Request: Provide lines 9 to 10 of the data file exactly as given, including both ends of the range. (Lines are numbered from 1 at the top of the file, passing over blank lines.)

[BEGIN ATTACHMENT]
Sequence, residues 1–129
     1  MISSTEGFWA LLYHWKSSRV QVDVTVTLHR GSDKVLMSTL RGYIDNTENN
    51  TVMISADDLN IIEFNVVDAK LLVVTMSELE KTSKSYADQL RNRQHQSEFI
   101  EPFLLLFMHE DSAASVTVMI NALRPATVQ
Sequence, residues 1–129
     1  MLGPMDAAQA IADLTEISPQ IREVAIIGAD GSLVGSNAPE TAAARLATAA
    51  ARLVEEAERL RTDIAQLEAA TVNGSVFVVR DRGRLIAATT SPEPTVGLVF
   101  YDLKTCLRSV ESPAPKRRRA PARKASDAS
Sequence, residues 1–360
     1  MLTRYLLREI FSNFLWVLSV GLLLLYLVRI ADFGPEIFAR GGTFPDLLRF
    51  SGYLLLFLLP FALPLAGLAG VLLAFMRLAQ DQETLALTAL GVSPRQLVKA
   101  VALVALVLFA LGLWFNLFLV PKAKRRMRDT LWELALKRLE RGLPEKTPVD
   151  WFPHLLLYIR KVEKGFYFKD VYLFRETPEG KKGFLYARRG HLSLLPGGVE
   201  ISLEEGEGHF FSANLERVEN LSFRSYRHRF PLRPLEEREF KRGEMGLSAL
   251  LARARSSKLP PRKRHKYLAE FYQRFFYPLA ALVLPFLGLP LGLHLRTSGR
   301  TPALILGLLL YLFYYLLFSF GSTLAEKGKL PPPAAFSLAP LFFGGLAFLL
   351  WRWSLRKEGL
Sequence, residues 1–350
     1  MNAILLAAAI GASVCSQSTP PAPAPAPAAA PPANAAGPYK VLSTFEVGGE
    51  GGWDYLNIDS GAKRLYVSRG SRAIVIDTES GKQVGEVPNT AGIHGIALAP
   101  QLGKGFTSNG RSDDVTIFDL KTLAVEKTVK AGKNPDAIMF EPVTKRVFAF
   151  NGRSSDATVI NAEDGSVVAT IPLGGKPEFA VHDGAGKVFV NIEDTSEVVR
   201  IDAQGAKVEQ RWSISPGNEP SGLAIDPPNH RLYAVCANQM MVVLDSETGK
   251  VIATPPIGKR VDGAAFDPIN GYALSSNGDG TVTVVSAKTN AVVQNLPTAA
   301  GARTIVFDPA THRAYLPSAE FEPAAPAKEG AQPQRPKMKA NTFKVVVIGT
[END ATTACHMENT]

Sequence, residues 1–360
     1  MLTRYLLREI FSNFLWVLSV GLLLLYLVRI ADFGPEIFAR GGTFPDLLRF